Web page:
Obituary: Lord Greaves, Lib Dem policy architect

Tony Greaves, who has died suddenly at the age of 78, was a Yorkshireman whose first teaching job took him to Lancashire where he remained, in the borough of Colne. His family lived in Bradford where his father, Geoffrey Greaves, was in the police service as a driving instructor.

Lord Greaves. Picture: Liberal Democratic Party

Tony gained a scholarship to Bradford Grammar School but the family moved and Tony instead attended Queen Elizabeth’s Grammar School in Wakefield. He spoke warmly of his later experience of the school where, in the sixth form, “we debated everything.” Through this he gained his interest in politics at a time in the early 1960s when Jo Grimond was an attractive and articulate Liberal leader. By the time Greaves arrived at Hertford College, Oxford, in 1961 to read geography, he had already decided to join the young Liberals.

He taught geography at Colne Grammar School from 1969 to 1974 but it was soon clear that his commitment was going to be to politics rather than to teaching. He was elected to Colne Borough Council and to Lancashire County Council in 1971. He remained a local council member, latterly on the Pendle Borough Council, up to his death. Under his leadership the Liberals and later the Liberal Democrats controlled the council but there was no transfer to parliamentary elections in which he finished third on each of his three contests. After 1974 he made a somewhat precarious living from a succession of politically orientated jobs: organiser of the Association of Liberal Councillors, head of the party’s publishing wing and even as a second hand bookseller specialising in Liberal history and theory. Fortunately his schoolteacher wife, Heather, was also a committed Liberal and was herself a long term local councillor.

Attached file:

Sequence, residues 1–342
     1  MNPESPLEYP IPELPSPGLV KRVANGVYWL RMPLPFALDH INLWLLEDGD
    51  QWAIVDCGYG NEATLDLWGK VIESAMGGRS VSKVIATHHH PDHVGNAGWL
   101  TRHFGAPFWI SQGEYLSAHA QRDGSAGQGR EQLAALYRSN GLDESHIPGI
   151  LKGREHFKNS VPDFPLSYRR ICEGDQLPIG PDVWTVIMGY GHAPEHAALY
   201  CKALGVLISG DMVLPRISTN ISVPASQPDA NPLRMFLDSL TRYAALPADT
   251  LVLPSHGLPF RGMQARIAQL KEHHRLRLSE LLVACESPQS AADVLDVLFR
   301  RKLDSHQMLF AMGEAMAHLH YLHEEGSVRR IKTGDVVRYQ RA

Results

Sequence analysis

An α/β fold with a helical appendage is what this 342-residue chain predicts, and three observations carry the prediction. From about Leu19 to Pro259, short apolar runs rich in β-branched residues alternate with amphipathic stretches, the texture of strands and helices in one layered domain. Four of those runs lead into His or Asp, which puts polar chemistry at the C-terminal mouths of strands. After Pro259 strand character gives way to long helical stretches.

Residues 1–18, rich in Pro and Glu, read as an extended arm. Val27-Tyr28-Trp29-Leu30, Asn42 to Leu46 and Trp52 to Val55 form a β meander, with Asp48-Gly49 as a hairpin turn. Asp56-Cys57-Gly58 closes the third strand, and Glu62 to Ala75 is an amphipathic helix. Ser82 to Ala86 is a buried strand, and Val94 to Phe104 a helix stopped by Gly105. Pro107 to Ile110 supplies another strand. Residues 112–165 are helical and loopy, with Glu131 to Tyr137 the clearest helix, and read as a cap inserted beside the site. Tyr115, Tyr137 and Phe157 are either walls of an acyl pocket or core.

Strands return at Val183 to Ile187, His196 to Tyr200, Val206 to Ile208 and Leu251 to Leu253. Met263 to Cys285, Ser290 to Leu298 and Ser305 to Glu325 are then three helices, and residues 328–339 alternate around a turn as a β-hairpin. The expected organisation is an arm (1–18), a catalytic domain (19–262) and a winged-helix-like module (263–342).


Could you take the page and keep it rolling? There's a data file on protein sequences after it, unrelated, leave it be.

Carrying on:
Sign up to our daily newsletter

The i newsletter cut through the noise

Greaves’ natural radicalism took him to the leadership of the national Young Liberal movement in its “red Guard” phase and this led him to a number of battles with the party leadership. Youth politics was far more radical and attractive in the late 1960s and the 1970s than today and the 1968 Young Liberal Conference attracted 750 delegates. The Young Liberal influence within the party was most evident when Greaves successfully moved the motion at the 1970 annual party assembly that committed the party to a dual strategy of community politics alongside the parliamentary campaigns.

When David Steel pushed the Liberal party towards a merger with the SDP, Greaves was elected on to the Liberal negotiating team. There followed five months of “physical and mental exhaustion” and he was unable to accept the final package. He spoke in vain against the merger at the subsequent special party assembly but he joined the new party maintaining and arguing from within for “radical Liberal policies” and for a commitment to campaigning at the local level.

He was an unexpected party nominee as a Life Peer and he simply extended his career of promoting activism and key policies to his new sphere of action. Although he dealt conscientiously with parochial matters he had a lifelong concern for national and international issues.

He was intensely loyal to colleagues and adored by those he worked with even though, in the words of a fellow Yorkshire peer, “he could be uncompromising, argumentative, curmudgeonly and stubborn.” he took an unexpected pleasure in his family, not least in Robin, the son of Helen and Martin Hamilton, the Director of Leeds Civic Trust. He kept a link with his native Yorkshire by maintaining a season ticket for Bradford Park Avenue football club. Otherwise he relaxed by getting away completely from politics for four weeks annually, until his older years climbing in the French Pyrenees.

In 1968 he married Heather Baxter, who survives him with their two daughters.